Tuesday, March 6, 2018

Good Job, Greenaway! by RM Greenaway


WRITE A REVIEW OF YOUR OWN LATEST NOVEL 

Review of Creep

by RM's inner critic



Like Susan, I got cold all over when first faced with this assignment, but it's turned out to be a healthy exercise,  maybe even an exorcism. That's because my inner critic is really good at giving negative reviews about my work; they're usually one-liners-followed by exclamation marks, but sometimes can get elaborately mean and hurtful. Yet I realize that allowing my live-in critic to get carried away is not good for the soul, and it's sure not what the Little Train That Could would do, and we all know that the Little Train could, in the end. So here I've got her to say something nice for a change:

Greenaway's BC Blues crime series, like real life, is rich with grit, grief, and glee. Being socially awkward, the author is maybe using her fictitious police team to not only entertain but explore relationships from the safe distance of her keyboard. In so doing she has created a set of complex characters, an RCMP team that works together to solve each new case delivered by dispatch, but also to solve the problem of themselves and each other.

Third in the series, CREEP brings us back to North Vancouver, a big city surrounded by a much bigger wilderness. There are canyons and rivers, rain forests and endless trails to explore, and in CREEP, as Halloween approaches, there is also an entity lurking in fun-fur and scaring the wits out of the locals. But is he, she, or it, also responsible for the mangled corpse discovered in the crawlspace of an abandoned house within the peaceful burbs of Lynn Valley?

Greenaway's two main protagonists have a back story that veins through the series and keeps the tension strumming. Constable Dion has committed a crime in his not-so-distant past that he must keep buried, and Constable Leith is duty-bound to investigate that very crime. In spite of the cat-and-mouse roles that divide them, they are both set on bringing the crawl-space killer to justice, as well as roping in the werewolf, and ultimately answering the question, are werewolf and killer one and the same? The answer doesn't come in the usual reveal-all denouement, but an unravelling shock to at least this reader!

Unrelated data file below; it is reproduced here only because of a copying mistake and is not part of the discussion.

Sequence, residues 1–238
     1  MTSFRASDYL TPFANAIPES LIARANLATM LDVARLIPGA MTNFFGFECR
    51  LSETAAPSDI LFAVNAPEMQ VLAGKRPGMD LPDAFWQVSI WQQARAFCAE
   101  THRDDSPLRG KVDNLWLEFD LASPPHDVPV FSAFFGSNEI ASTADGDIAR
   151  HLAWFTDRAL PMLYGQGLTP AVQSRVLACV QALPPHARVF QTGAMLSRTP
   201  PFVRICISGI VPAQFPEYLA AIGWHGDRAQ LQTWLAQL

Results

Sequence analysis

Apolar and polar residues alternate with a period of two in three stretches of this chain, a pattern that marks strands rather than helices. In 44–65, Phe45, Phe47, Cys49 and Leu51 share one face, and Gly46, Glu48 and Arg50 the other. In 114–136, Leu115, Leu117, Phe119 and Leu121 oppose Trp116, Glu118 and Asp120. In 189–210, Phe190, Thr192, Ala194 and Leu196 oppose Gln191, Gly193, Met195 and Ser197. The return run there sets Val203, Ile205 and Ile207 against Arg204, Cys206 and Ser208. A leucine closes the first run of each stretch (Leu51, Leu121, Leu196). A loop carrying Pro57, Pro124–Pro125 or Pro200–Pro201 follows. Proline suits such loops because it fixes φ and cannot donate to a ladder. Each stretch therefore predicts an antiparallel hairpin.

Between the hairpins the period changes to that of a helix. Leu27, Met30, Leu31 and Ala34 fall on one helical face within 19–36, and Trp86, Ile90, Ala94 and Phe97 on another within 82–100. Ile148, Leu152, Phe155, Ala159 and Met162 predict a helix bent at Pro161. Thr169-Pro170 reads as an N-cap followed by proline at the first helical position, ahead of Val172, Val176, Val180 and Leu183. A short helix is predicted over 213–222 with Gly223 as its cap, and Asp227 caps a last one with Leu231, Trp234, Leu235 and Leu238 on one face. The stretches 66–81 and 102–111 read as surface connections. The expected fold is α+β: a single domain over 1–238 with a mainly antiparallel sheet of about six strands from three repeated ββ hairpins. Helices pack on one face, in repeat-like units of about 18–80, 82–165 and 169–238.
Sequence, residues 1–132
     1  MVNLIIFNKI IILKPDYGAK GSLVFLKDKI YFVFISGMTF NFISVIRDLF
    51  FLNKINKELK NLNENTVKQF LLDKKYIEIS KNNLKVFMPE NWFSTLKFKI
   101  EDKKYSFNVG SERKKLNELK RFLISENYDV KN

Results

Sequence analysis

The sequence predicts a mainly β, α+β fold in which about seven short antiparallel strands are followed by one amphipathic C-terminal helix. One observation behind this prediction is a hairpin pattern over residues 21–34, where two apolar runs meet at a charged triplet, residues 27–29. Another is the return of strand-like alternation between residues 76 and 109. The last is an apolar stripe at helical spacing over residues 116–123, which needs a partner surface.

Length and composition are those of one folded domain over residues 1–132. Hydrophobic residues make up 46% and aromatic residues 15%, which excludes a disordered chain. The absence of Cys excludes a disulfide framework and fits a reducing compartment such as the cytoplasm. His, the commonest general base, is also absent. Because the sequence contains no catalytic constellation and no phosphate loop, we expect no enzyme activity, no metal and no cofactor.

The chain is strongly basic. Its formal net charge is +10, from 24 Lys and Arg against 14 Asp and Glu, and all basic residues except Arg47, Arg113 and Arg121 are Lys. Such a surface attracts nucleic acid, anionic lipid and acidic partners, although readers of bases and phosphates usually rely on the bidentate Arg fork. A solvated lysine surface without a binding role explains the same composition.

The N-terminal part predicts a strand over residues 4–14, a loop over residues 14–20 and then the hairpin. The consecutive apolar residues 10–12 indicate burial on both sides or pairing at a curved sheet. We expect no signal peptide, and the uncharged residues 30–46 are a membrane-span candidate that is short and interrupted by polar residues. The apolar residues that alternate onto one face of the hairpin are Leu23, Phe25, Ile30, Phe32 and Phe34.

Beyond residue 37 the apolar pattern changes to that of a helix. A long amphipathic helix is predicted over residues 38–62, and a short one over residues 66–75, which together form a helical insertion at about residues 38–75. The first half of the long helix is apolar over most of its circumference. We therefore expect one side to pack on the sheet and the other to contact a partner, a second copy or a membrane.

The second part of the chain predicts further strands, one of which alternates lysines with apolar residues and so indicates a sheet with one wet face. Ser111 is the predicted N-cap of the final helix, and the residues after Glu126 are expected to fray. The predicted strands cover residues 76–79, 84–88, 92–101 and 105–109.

Though Greenaway seems set on providing her particular brand of escapism to her readers -- a police procedural with a hint of allegory -- there is also some food for thought found in the pages of CREEP - i.e.:the urban conundrum, faced especially by young people, in these days of escalating real estate prices, rock-bottom minimum wage, and too many mental health issues going unaddressed.

In summary, I take back what I've said looking over Greenaway's shoulder as she wrote this novel -- it's actually not bad. Good job, Greenaway!

What others have said:

"RM Greenaway’s dark and haunting BC Blues series introduces a cast of finely rendered, flawed and unforgettable characters...." Deryn Collier, author of Confined Spaces and Open Secret

"RM Greenaway injects an element of gothic suspense into Creep, the third mystery featuring career cops Cal Dion and David Leith. The result is a haunting, well-wrought tale, with echoes of Hound of the Baskervilles, set against the dark majesty of Vancouver's North Shore. A compelling read." Sam Wiebe, award-winning author of Last of the Independents, Invisible Dead, and Cut You Down



 CREEP - COMING APRIL 24:



6 comments:

Paul D. Marks said...

RM, it's so true that our inner critics are so good at giving negative reviews. Sometimes to the point where it stops us dead in our tracks. So this is a good exercise in countering that little devil.

Cathy Ace said...

Great job Rachel - mine's yet to be written....argghh!

RM Greenaway said...

Thanks Paul. Now to keep it at bay.

Cool head and steady fingers, Cathy. I'm looking forward to your write-up on the great Cathy Ace :)

Susan C Shea said...

Well done! Once we tell the innter critic to go play in the traffic for an hour, we can see our work more clearly,

RM Greenaway said...

I think we both did a good job, Susan :)

James Ziskin said...

Mwah ha ha!